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zondag 29 mei 2011

time



                                            
                                          
  (just click "time" or "10 x10" to open a new window)
10x10™ ('ten by ten') is an interactive exploration of the words and pictures that define the time. The result is an often moving, sometimes shocking, occasionally frivolous, but always fitting snapshot of our world. Every hour, 10x10 collects the 100 words and pictures that matter most on a global scale, and presents them as a single image, taken to encapsulate that moment in time. Over the course of days, months, and years, 10x10 leaves a trail of these hourly statements which, stitched together side by side, form a continuous patchwork tapestry of human life.
10x10 is ever-changing, ever-growing, quietly observing the ways in which we live. It records our wars and crises, our triumphs and tragedies, our mistakes and milestones. When we make history, or at least the headlines, 10x10 takes note and remembers.
Each hour is presented as a picture postcard window, composed of 100 different frames, each of which holds the image of a single moment in time. Clicking on a single frame allows us to peer a bit deeper into the story that lies behind the image. In this way, we can dart in and out of the news, understanding both the individual stories and the ways in which they relate to each other.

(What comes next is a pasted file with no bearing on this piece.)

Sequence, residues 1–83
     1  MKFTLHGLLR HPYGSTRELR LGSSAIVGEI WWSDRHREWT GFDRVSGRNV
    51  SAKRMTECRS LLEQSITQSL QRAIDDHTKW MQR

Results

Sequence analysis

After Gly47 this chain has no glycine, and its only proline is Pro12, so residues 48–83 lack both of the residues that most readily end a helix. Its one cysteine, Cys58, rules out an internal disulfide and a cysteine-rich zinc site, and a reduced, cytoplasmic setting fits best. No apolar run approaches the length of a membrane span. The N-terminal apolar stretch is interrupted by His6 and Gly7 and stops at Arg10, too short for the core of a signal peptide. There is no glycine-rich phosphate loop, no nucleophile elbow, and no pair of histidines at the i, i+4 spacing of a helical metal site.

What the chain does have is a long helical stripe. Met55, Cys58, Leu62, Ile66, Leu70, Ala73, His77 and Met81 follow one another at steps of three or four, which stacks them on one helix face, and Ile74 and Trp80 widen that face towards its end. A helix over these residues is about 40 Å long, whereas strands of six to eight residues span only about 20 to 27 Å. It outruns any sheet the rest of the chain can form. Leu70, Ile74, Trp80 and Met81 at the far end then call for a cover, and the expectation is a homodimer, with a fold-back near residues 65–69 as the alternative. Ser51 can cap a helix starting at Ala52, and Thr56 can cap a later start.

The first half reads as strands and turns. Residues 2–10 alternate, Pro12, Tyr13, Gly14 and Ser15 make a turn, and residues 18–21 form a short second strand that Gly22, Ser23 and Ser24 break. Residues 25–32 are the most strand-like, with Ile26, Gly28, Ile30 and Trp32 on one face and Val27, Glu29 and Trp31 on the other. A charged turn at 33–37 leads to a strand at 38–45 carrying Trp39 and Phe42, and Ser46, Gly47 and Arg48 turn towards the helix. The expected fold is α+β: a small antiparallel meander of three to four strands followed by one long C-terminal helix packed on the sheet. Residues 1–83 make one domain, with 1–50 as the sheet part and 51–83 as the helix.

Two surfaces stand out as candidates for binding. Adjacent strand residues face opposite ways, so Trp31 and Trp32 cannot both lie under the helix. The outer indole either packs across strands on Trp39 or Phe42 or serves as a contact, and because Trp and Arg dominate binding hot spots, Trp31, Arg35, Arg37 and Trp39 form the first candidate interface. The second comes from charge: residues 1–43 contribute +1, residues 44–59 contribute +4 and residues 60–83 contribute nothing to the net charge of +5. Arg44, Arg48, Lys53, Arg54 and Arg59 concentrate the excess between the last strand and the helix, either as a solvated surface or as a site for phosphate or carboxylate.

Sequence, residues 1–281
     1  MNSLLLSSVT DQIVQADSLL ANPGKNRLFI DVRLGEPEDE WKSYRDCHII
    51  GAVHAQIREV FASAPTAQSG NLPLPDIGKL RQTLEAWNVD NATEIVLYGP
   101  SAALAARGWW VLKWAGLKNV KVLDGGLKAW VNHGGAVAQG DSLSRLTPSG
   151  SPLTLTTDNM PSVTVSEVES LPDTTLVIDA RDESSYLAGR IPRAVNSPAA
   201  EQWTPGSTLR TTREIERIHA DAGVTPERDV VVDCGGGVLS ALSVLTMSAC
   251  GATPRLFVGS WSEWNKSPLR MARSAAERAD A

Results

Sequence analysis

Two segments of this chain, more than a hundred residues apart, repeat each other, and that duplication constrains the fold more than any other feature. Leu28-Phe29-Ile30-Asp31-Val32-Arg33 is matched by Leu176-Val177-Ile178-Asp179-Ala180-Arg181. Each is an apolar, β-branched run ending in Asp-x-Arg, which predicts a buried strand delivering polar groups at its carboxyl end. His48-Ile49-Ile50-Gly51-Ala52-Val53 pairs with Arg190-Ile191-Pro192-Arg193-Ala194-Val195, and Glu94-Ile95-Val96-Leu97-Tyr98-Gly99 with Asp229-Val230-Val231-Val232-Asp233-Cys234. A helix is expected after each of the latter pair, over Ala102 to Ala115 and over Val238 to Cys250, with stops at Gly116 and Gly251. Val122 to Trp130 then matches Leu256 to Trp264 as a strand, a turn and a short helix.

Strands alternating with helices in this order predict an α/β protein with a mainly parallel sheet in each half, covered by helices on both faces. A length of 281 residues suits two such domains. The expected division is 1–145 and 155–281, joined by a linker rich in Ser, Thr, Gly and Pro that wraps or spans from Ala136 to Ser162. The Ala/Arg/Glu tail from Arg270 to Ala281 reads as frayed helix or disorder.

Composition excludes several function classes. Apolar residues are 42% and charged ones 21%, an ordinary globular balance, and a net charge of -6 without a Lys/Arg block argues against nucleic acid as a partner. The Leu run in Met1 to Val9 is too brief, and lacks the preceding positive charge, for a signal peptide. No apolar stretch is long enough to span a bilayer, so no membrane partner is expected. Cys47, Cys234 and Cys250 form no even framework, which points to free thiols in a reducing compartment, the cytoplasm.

10x10 runs with no human intervention, autonomously observing what a handful of leading international news sources are saying and showing. 10x10 makes no comment on news media bias, or lack thereof. It has no politics, nor any secret agenda; it simply shows what it finds.
With no human editors and no regulation, 10x10 is open and free, raw and fresh, and consequently a unique way of following world events. In 10x10, we respond instinctively to patterns in the grid, visual indicators of relevance. When we see a frequently repeated image, we know it’s important. When we see a picture of a movie star next to a picture of dead bodies, we understand the extremes that exist in our world. Scanning a grid of pictures can be more intuitive than reading headlines, for it lets the news come to life, and everything feels a bit less distant, a bit closer to heart, and maybe, if we're lucky, gives us pause to think. If you'd like to learn more about 10x10, you can read how it works.
Credits.
10x10 was designed and developed by Jonathan Harris of Number27, in conjunction with the FABRICA communication research center in Italy.
Contact.
You can contact Jonathan Harris by mailing: jjh "AT" number27 "DOT" org

3 opmerkingen:

Sharon zei

Brave new world. I'm not sure I like the idea that no humans are involved - but then it will create a startling way of seeing ourselves. Unedited by anything human...commenting on all of us with a weird perspective. One, none of us has seen on a scale like this before. Fascinating in a strange way.

cerulean zei

You've got a point. But I think, in some sense, it was edited by human intervention by the choice for news headlines and news sources.In that way it's a subjective snapshot of the world(news)and indeed fascinating in a strange way.

Sharon zei

Yes, point taken. I do agree with you, and when it uses 'a handful of leading international new sources' it is 'edited', first tier, by humans. It's fascinating. Having just reread this, and realizing that it is 'words' & pictures, I am very eager to have a look. The tapestry of languages and alphabets must be a wonder in itself. And very beautiful. I'm hoping that the handful of leading international new sources goes very deep indeed.

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